New Zealand’s hiking trails offer a catalogue of wonders

Kiwis work hard to make hiking attractive. The maintenance on the trails hiked is impressive: crushed-rock trail beds; comfortable clearance even in the most dense areas of the beech- and fern-dominated rainforests; boardwalks that meander over wetlands; and well-built, if sometimes unnerving, suspension bridges that span the roiling creeks.

Richard Davies, a recreation manager for New Zealand’s Department of Conservation, says millions of dollars are pumped into the country’s park areas annually, much of it devoted to trail development and maintenance.

“It hasn’t happened by chance,” Davies says of the manicured trails. “All our staff are working on certain service standards – how much vegetation is cleared, the gradient of the track, whether the watercourses are bridged or not. We can provide a really consistent service. Wherever you go in the country you get a similar experience.”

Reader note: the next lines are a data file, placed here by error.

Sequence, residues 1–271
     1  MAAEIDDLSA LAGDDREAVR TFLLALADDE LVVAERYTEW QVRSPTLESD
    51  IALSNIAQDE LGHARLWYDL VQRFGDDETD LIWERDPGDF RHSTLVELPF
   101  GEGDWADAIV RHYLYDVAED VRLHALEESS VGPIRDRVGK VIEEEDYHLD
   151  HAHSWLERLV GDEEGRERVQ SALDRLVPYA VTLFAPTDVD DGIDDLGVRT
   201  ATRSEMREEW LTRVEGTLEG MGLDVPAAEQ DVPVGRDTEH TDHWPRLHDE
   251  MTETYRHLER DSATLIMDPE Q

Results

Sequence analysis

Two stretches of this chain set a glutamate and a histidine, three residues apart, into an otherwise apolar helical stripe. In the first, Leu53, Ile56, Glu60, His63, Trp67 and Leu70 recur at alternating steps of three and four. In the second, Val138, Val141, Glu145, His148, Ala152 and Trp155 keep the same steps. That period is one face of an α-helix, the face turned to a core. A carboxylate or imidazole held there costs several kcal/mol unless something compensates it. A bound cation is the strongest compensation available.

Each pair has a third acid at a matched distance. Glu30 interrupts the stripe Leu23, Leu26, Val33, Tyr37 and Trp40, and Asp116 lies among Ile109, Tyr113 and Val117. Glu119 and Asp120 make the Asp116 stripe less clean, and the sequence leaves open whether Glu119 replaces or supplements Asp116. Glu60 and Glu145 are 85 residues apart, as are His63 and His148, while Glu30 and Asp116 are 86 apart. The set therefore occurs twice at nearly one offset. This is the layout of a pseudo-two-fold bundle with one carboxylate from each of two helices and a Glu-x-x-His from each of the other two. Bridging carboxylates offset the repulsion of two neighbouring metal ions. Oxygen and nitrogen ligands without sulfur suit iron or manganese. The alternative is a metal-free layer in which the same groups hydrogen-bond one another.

From hikes in the Bay of Islands on the North Island, to the southern regions of Fiordland National Park on the South Island, you will find this to be true. And there is good reason for the effort. The spectacular scenery this island nation has to offer is unsurpassed. Peter Jackson didn’t just film his J.R.R. Tolkien epics here because he didn’t want to leave his home country. The vertical landscapes, whether they anchor themselves in mountain rivers, broad lakes or the Pacific Ocean, perfectly lend themselves to fantasy.

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